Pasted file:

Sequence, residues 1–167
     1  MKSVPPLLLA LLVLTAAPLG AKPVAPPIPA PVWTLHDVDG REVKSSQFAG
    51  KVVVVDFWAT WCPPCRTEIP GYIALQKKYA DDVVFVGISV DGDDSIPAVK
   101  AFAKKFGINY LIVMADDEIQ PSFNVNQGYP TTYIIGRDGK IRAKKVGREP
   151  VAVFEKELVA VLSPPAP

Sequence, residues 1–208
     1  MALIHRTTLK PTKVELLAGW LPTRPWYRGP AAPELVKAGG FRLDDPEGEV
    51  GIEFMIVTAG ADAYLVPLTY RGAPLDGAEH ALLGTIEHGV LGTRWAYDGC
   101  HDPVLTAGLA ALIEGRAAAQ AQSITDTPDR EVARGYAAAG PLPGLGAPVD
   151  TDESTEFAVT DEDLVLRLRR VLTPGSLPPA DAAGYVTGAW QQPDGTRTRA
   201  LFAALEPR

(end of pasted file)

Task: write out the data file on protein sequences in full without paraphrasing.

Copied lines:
Sequence, residues 1–167
     1  MKSVPPLLLA LLVLTAAPLG AKPVAPPIPA PVWTLHDVDG REVKSSQFAG
    51  KVVVVDFWAT WCPPCRTEIP GYIALQKKYA DDVVFVGISV DGDDSIPAVK
   101  AFAKKFGINY LIVMADDEIQ PSFNVNQGYP TTYIIGRDGK IRAKKVGREP
   151  VAVFEKELVA VLSPPAP

Sequence, residues 1–208
     1  MALIHRTTLK PTKVELLAGW LPTRPWYRGP AAPELVKAGG FRLDDPEGEV
    51  GIEFMIVTAG ADAYLVPLTY RGAPLDGAEH ALLGTIEHGV LGTRWAYDGC
   101  HDPVLTAGLA ALIEGRAAAQ AQSITDTPDR EVARGYAAAG PLPGLGAPVD
   151  TDESTEFAVT DEDLVLRLRR VLTPGSLPPA DAAGYVTGAW QQPDGTRTRA
   201  LFAALEPR